'Denial of pregnancy is not classified as a psychiatric illness'
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A case of a French mother who hid her smothered newborn babies in a freezer has highlighted the phenomenon of pregnancy denial. FRANCE 24 interviewed Felix Navarro, president of the French Association for the Recognition of Pregnancy Denial.
FRANCE 24 – Is denial of pregnancy considered a medical disorder?
Felix Navarro – No. Denial of pregnancy is not classified as a psychiatric illness. However, doctors know it well. Our objective is indeed to have it recognised. We think that this will make treating those who suffer from it easier. Denial is the act of not recognising what is inevitable, but in these cases the body shows no sign of pregnancy. Normal pregnant women gain weight, but for those who suffer from denial, weight gain is limited to two or three kilos.
We even observed that certain women lost weight while expecting! They often have a flat stomach and go to the beach mere days before delivery. The symptoms are thus reduced, even absent, and often misinterpreted. Certain signs may create confusion. The women very often have their period. Some of them say they suspected they were pregnant, but that the return of their period misled them.
F24 – You describe cases in which the delivery ultimately goes well, but under certain circumstances the result can be tragic. How frequent is this?
F.N. – The great majority of these cases turn out fine. According to the most recent studies, pregnancy denial is present in about one out of 500 deliveries. In France, it’s about 300 cases per year. On the other hand, total denial, meaning when a woman discovers her pregnancy while giving birth, is rarer: one out of 2,500 pregnancies. Each year, there might be a few dozen of these cases where the baby dies. But that includes both natural deaths and murders.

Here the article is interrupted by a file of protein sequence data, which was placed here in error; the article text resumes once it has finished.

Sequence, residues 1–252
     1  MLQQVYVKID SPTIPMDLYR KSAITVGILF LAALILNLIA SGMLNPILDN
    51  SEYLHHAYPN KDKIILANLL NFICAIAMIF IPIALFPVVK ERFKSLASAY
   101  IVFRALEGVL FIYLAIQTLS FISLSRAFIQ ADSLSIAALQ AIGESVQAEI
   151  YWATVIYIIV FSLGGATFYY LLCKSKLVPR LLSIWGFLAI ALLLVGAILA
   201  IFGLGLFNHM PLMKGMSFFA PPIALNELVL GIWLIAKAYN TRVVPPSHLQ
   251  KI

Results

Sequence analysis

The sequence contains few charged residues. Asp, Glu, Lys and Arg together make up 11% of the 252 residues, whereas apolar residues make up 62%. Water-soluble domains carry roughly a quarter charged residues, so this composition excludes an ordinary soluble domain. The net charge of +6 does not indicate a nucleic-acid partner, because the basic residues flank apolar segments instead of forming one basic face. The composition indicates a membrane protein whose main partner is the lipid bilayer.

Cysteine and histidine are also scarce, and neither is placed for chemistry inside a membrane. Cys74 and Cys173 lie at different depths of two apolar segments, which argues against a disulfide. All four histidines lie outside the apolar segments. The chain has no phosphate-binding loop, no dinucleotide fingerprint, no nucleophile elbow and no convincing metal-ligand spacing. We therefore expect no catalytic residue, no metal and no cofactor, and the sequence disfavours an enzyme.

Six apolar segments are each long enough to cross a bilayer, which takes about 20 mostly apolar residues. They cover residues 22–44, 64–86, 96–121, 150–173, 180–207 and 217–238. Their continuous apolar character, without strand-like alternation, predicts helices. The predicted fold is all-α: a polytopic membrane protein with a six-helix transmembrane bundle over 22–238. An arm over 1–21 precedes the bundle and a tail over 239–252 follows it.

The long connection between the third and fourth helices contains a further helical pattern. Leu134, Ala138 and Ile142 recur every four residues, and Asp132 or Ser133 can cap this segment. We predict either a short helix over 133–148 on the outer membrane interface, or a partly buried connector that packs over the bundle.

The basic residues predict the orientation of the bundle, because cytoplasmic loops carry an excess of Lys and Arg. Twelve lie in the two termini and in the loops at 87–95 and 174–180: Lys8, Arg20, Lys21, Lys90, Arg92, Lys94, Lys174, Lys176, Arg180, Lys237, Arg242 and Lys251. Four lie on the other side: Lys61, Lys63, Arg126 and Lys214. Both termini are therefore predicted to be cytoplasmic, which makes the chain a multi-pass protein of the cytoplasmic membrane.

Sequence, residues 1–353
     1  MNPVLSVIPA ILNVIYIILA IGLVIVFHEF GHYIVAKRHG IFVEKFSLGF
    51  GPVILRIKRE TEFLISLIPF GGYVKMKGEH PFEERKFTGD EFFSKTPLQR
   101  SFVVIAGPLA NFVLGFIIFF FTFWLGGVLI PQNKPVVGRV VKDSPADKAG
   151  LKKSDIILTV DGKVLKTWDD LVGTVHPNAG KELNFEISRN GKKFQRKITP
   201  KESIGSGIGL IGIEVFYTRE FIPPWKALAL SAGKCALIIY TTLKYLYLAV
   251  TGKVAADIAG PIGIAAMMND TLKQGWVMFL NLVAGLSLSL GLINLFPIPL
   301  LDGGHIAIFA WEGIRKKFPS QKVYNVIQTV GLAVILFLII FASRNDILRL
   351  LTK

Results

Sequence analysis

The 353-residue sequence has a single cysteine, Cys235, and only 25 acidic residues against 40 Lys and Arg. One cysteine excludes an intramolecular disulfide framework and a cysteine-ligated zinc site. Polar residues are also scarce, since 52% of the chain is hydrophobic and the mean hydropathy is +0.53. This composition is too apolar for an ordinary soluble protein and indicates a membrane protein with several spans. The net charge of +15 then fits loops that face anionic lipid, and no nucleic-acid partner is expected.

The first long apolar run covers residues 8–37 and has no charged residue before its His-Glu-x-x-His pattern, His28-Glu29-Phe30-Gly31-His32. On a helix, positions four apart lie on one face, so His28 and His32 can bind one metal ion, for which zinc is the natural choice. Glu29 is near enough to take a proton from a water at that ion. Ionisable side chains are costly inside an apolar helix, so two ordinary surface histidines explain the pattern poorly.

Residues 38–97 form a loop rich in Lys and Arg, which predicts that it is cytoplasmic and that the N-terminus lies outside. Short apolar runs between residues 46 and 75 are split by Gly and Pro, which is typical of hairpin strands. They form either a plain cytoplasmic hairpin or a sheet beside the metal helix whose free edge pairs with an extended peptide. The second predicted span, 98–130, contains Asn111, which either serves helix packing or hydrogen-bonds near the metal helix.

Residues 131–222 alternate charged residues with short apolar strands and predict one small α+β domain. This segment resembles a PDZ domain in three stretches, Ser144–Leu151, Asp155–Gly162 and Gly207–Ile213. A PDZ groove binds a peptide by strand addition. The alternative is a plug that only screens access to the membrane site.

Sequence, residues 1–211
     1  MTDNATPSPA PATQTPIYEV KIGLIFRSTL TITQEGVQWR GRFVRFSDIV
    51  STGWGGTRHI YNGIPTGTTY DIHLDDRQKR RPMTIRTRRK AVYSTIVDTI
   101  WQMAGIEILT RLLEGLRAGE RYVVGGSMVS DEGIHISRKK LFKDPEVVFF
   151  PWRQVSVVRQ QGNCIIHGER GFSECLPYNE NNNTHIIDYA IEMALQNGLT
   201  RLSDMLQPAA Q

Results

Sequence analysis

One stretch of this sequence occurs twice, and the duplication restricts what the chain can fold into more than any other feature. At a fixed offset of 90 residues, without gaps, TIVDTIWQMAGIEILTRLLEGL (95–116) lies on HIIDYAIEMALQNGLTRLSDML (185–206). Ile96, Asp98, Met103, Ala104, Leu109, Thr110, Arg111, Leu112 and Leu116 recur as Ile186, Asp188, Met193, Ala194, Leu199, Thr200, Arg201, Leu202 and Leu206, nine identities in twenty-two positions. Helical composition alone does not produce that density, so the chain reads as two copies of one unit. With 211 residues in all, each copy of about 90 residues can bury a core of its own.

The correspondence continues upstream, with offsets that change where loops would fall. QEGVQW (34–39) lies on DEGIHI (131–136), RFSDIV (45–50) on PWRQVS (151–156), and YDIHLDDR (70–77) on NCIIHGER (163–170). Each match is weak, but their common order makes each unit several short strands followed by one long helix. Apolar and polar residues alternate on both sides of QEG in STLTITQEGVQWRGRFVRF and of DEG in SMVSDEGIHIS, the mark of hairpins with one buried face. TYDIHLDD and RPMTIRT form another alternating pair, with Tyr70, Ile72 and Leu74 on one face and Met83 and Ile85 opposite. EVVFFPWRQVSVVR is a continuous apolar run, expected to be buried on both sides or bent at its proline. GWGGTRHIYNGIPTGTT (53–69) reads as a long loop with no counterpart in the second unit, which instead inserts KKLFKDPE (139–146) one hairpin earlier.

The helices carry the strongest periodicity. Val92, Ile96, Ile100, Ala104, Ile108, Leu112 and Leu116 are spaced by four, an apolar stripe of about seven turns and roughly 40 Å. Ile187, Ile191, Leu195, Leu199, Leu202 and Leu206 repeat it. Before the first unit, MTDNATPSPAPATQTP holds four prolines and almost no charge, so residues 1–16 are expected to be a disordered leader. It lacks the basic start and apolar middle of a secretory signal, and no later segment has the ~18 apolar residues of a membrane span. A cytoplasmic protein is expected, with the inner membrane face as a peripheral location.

One must understand the circumstances under which these situations arise. A woman who has total pregnancy denial suffers terribly painful symptoms that she doesn’t understand. Her water breaks and she sees something coming out of her body: something she can’t fully discern, something that is sometimes inanimate and that the woman doesn’t necessarily identify as a baby.
The deliveries can happen anywhere; in the bathroom, in the street, in the car, at the office…In all cases, the conditions are not ideal; these women risk their own lives and are certainly not in a position to care for their babies properly.
Certain women are seized by extreme panic, or are delirious, and in a moment of psychosis can do something fatal. Fortunately, most of them suffer pain that incites them to go to the hospital.
F24 – This phenomenon is better known today, as certain studies have been published on the subject. Does that mean these women are better taken care of?
F.N. – It's still very inconsistent and often depends on where the women end up. Some women suffering from painful symptoms go to the hospital and are sent home, even though they are about to give birth! But if they’re treated by specialists who are familiar with pregnancy denial, they will be well taken care of. These women are generally misunderstood. I’m not referring to Veronique Courjault, whose specific case I don’t know.
F24 – In confirmed cases of pregnancy denial, do the women have criminal intent?
F.N. – How could they, when they don’t even know they're expecting? In these cases, infanticide is not premeditated. The judgment of the women is altered, they’re not aware of what they’re doing. Logically, they should not be tried. They are in a sort of state of temporary insanity. Cases of repeated pregnancy denial are rarer, but do exist – therein lies the utility of treating the women concerned. Some of these women only become aware of their previous infanticides during their trial! In some of these cases an explanation is offered: a repressed psychoanalytic problem – something so deep that it blocks the woman’s own maternity process.
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